Learning Disability Wales has welcomed a new report published today by the Children’s Commissioner that has “shone a light” onto the transition experiences of young people in Wales.

Young man in smart clothes celebrating his birthday with friends

Sally Holland, Children’s Commissioner for Wales, began thinking about the report after she met with a group of parents in North Wales in 2016 and asked each one of them what they would do if they had a magic wand.

One mother said, “For my daughter never to grow up. I know it sounds terrible, but I have struggled so hard to get her the education and support she needs, and I have no idea how she will be supported when she’s an adult.” It was an answer that stuck with Sally Holland and troubled her.

The report, Don’t hold back: Transitions to adulthood for young people with learning disabilities, highlights many issues young people face as they become adults and points out the limited choices and funding available. Transition services, where they exist, vary greatly across Wales and frequently fail because they do not place young people at the centre of the planning process.

Being able to make the right choices depends on the availability of the right information and too often this simply doesn’t exist. The report emphasises the importance of a coordinated response and the positive impact a keyworker or a lead professional can have on the outcomes for young people.

An easy read version of the report is also available and can be downloaded here (PDF).

Engage to Change project

The report makes nine recommendations for improvement, including a specific recommendation to build on the learning from Engage to Change, the employment project led by Learning Disability Wales. The project is working to assist 1000 young people with a learning disability and/or autism into paid employment by 2021.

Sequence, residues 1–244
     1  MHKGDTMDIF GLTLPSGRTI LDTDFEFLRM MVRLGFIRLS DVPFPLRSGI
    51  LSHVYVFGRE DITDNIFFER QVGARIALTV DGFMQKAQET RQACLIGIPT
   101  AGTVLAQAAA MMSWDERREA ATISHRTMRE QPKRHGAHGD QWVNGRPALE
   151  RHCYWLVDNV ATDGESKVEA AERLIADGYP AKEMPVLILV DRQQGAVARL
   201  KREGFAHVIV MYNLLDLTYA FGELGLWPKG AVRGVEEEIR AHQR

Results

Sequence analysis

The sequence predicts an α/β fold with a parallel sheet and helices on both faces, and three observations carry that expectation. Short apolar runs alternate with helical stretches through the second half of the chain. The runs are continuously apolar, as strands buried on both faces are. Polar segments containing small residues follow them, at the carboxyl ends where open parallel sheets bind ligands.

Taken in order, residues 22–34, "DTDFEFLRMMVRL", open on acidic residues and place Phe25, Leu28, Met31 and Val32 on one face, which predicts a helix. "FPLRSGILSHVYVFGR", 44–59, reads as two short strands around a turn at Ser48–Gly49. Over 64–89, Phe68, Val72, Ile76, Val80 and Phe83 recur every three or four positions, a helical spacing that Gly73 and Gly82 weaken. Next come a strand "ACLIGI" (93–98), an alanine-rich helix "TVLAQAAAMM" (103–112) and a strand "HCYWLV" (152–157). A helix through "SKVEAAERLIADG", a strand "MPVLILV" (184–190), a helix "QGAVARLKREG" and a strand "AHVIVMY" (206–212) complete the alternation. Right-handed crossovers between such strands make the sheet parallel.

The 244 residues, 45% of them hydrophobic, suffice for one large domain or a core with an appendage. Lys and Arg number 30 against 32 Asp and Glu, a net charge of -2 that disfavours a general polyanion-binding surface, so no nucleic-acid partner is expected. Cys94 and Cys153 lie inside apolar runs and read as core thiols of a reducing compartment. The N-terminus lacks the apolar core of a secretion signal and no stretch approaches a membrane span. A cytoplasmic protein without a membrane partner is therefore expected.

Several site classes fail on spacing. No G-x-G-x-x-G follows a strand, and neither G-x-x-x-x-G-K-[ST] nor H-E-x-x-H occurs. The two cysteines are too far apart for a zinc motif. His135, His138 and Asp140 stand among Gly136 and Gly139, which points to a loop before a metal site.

The Children’s Commissioner makes clear it will be essential that learning from the project is translated into lasting change. This will ensure young people with learning disabilities have the necessary skills to gain employment and enjoy improved wellbeing through the independence this offers when leaving school or college.

As part of her recommendations Sally Holland has also committed to monitoring how effective the Welsh Government ‘Improving Lives’ programme is in ensuring young people with a learning disability are able to live full lives.

Martyn Jones, Learning Disability Wales CEO, commented on the new report:

“We are really pleased Sally has shone a light on this important issue as the impact it has on the lives of young people with learning disabilities in Wales cannot be overstated. The transition from children’s to adult services is perhaps the most obvious area where clear weaknesses in the way we support young people to live fulfilling, independent lives can be seen, often due to a failure to involve them in planning processes.

“The Report calls into question how well legislation and policy in Wales is utilised and carries a salutary reminder of the rights that protect all children. We want young people with learning disabilities to be able to contribute and benefit from ‘Prosperity for All’ as equal citizens and look forward to working with Sally on the recommendations of the report and with Welsh Government on the implementation of the ‘Improving Lives’ programme. 

“The life course will be the theme of our annual conference ‘All our futures’ this year and we are delighted Sally and Huw Irranca-Davies, Minister for Children, Older People and Social Care, are joining us.”

You can download the report and the easy read version from the Children’s Commissioner for Wales’ website.

Photo shows Ashfrord Richards, who has had a positive transition, on his eighteenth birthday, with friends from his local youth theatre group. Now 21, Ashford works for Elite Paper Solutions and is an actor with Hijinx Theatre.